We spoke to Keryn ahead of Foster and Kinship Care Week about how important it is for all significant people in a child’s life to take an active interest in the child’s education.
Keryn Smith is a mediation and liaison worker for Life Without Barriers in Hobart. She works with parents or carers who have concerns that some elements of their child’s school experience is not meeting their needs. Keryn brings school staff, parents or carers, and other experts in a child’s life together to nut out a solution.
"One piece of advice I would give to parents and carers is to proactively build relationships with your child’s principal and teachers. It’s best to do that from the beginning, so you can nip any issues in the bud, but it’s never too late to start. If you have concerns about how your child is doing at school, don’t waste any time letting the school know. Always feel that you can make a time to meet with people at school, whether it’s their teacher, principal, or support workers, like teachers aids.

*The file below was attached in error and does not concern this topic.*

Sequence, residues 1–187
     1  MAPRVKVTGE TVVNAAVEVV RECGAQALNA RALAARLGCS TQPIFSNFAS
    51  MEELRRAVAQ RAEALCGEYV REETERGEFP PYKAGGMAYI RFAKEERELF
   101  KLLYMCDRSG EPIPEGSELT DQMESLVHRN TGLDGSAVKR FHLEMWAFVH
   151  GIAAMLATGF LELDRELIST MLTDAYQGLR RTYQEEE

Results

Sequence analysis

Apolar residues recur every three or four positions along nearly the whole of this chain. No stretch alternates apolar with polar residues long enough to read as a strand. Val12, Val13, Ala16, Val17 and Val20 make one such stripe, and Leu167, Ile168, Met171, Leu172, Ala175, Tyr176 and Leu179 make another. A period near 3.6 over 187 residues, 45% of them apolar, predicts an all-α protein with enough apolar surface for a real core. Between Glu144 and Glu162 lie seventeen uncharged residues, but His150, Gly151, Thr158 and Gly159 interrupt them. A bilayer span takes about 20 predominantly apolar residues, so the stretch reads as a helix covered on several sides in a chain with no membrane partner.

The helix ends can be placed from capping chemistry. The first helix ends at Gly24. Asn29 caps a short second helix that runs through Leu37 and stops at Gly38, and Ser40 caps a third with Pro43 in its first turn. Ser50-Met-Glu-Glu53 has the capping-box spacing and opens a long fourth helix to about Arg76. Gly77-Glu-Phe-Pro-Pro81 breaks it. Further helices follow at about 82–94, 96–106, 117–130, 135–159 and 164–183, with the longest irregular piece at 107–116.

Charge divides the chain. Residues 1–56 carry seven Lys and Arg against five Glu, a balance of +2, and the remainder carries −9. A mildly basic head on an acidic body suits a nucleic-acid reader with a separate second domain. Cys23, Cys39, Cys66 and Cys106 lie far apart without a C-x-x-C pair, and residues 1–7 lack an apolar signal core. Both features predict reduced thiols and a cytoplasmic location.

"I often find the parents and carers I work with don’t want to ‘rock the boat’ and so the situation escalates to a point where the relationship with the school might break down and they need to bring in external help like me. I think that all schools are trying to do their best by students, but they are big places with many students and sometimes if you don’t speak up you can fall through the cracks.
"Another very simple thing is to ask the school to make sure your child’s learning plans are up to date and that the school is using them. That way it’s very easy for everyone that works with that child to see, for example 'oh, he doesn’t like loud noises' and plan around that.
"One of the biggest impacts of my job is parents and carers feeling empowered."
"Often in meetings, I don’t say anything once parents or carers realise that they are able to ask questions and stand up for their kids."
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